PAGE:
synonyms are employed so that the user not only gets
exact matches, but also related matches on the same topic that otherwise
might have been missed.
• Another way to broaden the retrieval is by using the “Related Articles”
option. PubMed uses a word weight algorithm to identify related articles
with similar words in the titles, abstracts, and MeSH.
• By using this feature, articles on the same topic that were missed in the
original search can be retrieved.
16. OMIM to Entrez
• Another unique database accessible from Entrez is Online Mendelian
Inheritance in Man (OMIM), which is a non-sequence-based database of
human disease genes and human genetic disorders.
• Each entry in OMIM contains summary information about
a particular disease as well as genes related to the disease.
• The text contains numerous hyperlinks to literature citations, primary
sequence records, as well as chromosome loci of the disease genes. The
database can serve as an excellent starting point to study
genes related to a disease.
18. Sequence retrieval system (SRS)
• Sequence retrieval system is a retrieval system maintained by the
EBI, which is comparable to NCBI Entrez.
• It is not as integrated as Entrez, but allows the user to query
multiple databases simultaneously, another good example of
• It also offers direct access to certain sequence analysis applications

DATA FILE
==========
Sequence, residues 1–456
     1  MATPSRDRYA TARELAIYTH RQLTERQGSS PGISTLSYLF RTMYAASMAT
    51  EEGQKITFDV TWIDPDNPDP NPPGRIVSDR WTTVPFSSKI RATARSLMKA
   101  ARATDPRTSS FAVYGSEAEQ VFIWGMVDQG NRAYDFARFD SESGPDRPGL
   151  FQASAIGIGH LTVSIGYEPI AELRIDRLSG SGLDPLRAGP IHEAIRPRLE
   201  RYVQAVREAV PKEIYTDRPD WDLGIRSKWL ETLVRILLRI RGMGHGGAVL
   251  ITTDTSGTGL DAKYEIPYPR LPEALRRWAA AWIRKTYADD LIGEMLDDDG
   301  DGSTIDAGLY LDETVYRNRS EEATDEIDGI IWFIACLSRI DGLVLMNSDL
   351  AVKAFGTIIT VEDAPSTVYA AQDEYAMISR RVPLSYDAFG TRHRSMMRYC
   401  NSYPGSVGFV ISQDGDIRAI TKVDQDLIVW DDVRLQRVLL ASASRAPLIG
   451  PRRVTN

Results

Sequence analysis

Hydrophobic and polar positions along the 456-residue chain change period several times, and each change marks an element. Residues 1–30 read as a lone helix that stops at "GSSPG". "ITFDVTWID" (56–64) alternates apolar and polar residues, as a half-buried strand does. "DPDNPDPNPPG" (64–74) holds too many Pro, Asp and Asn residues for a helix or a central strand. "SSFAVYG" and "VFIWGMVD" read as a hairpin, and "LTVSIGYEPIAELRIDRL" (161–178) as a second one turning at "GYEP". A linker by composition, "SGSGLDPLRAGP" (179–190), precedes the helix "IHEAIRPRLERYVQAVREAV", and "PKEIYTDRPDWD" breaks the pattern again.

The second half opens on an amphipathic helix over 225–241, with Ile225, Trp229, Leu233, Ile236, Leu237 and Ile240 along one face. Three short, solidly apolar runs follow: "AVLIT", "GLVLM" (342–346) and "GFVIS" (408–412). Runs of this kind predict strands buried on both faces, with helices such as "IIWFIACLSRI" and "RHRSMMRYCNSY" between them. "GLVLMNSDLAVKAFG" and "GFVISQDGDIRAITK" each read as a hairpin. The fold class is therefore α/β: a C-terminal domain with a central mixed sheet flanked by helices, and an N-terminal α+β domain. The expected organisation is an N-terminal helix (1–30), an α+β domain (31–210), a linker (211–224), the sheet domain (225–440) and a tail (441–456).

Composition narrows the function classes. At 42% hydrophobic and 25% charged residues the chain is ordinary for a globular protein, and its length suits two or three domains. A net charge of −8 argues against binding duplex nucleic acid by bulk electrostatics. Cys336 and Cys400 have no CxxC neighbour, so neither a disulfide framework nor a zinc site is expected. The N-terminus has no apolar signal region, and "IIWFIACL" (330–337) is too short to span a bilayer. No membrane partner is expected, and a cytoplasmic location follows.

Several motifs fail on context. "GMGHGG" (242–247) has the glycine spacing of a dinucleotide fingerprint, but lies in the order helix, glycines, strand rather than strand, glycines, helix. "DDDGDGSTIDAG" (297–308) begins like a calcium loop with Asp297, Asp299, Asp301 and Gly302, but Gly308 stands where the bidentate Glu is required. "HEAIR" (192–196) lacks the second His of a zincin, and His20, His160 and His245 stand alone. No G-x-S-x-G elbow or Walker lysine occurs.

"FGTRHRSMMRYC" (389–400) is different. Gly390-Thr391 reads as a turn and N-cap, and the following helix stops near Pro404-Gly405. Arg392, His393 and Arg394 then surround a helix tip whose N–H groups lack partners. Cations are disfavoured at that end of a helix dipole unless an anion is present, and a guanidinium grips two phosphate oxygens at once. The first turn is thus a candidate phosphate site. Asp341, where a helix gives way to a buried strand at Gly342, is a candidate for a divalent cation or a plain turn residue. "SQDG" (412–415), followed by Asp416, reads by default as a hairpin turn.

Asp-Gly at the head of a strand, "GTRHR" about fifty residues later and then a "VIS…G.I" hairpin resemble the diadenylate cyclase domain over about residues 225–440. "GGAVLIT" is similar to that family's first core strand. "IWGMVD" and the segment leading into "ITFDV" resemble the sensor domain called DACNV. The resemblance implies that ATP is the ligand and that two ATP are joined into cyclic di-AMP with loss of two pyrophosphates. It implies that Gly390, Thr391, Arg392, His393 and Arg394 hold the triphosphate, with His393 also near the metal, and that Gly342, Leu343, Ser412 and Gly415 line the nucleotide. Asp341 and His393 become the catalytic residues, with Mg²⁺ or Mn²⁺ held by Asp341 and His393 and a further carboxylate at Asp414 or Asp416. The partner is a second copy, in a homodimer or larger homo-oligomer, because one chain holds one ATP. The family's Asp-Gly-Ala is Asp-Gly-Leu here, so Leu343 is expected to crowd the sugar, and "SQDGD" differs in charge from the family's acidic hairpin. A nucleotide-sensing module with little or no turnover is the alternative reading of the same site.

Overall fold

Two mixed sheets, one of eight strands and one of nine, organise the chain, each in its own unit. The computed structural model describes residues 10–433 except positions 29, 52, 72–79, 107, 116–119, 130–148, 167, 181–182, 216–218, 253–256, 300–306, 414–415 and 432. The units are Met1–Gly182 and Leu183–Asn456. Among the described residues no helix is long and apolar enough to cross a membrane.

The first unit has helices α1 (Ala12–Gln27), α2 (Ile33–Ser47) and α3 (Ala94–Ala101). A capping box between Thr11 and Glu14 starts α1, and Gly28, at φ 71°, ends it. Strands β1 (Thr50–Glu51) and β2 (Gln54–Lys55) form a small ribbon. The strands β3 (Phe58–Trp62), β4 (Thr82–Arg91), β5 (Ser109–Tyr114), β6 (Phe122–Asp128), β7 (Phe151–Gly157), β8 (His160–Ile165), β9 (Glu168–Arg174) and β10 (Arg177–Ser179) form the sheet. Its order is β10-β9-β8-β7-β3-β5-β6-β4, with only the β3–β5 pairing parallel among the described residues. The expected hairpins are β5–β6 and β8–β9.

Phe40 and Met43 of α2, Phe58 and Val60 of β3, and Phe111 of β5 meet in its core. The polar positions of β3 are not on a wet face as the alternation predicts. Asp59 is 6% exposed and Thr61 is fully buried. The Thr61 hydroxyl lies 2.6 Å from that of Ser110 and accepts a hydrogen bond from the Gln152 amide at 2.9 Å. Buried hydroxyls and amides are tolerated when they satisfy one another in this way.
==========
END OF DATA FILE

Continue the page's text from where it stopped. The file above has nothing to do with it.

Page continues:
such as sequence similarity searching and Clustal sequence
• Queries can be launched using “Quick Text Search” with only one query box in
which to enter information.
• There are also more elaborate submission forms, the “Standard Query Form” and
the “Extended Query Form.”
• The standard form allows four criteria (fields) to be used, which are linked by
• The extended form allows many more diversified criteria and fields to be used.
• The search results contain the query sequence and sequence annotation as well
as links to literature, metabolic pathways, and other biological databases.
• Databases are fundamental to modern biological research, especially to genomic
studies. The goal of a biological database is two fold: information retrieval and
• Electronic databases can be constructed either as flat files, relational, or object
oriented. Flat files are simple text files and lack any form of organization to
facilitate information retrieval by computers.
• Relational databases organize data as tables and search information among tables
with shared features.
• Object-oriented databases organize data as objects and associate the objects
according to hierarchical relationships.
• Biological databases need to be interconnected so that entries in one database can
be cross-linked to related entries in another database.
• NCBI databases accessible through Entrez are among the most integrated
databases. Effective information retrieval involves the use of Boolean operators.
• Entrez has additional user-friendly features to help conduct complex searches. One
such option is to use Limits, Preview/Index, and History to narrow down the
• Alternatively, one can use NCBI-specific field qualifiers to conduct searches. To
retrieve sequence information from NCBI GenBank, an understanding
of the format of GenBank sequence files is necessary.
• It is also important to bear in mind that sequence data in these databases
are less than perfect.
• There are sequence and annotation errors. Biological databases are also
plagued by redundancy problems.
• There are various solutions to correct annotation and reduce redundancy,
for example, merging redundant sequences into a single entry or store
highly redundant sequences into a separate database.